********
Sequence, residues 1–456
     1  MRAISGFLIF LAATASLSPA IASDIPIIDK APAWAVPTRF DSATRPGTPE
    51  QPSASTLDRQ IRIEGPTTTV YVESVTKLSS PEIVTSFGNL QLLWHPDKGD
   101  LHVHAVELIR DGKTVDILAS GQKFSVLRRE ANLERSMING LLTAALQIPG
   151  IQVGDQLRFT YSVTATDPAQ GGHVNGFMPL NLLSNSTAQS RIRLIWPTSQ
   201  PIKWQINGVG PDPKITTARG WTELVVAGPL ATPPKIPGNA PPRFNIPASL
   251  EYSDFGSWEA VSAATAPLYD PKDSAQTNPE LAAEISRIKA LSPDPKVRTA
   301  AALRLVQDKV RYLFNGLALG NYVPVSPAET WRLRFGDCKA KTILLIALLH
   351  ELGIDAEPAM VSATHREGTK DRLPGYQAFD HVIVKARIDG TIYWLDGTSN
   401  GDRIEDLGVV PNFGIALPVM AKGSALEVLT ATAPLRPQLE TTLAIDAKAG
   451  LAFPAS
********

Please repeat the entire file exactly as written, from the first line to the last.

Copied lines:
Sequence, residues 1–456
     1  MRAISGFLIF LAATASLSPA IASDIPIIDK APAWAVPTRF DSATRPGTPE
    51  QPSASTLDRQ IRIEGPTTTV YVESVTKLSS PEIVTSFGNL QLLWHPDKGD
   101  LHVHAVELIR DGKTVDILAS GQKFSVLRRE ANLERSMING LLTAALQIPG
   151  IQVGDQLRFT YSVTATDPAQ GGHVNGFMPL NLLSNSTAQS RIRLIWPTSQ
   201  PIKWQINGVG PDPKITTARG WTELVVAGPL ATPPKIPGNA PPRFNIPASL
   251  EYSDFGSWEA VSAATAPLYD PKDSAQTNPE LAAEISRIKA LSPDPKVRTA
   301  AALRLVQDKV RYLFNGLALG NYVPVSPAET WRLRFGDCKA KTILLIALLH
   351  ELGIDAEPAM VSATHREGTK DRLPGYQAFD HVIVKARIDG TIYWLDGTSN
   401  GDRIEDLGVV PNFGIALPVM AKGSALEVLT ATAPLRPQLE TTLAIDAKAG
   451  LAFPAS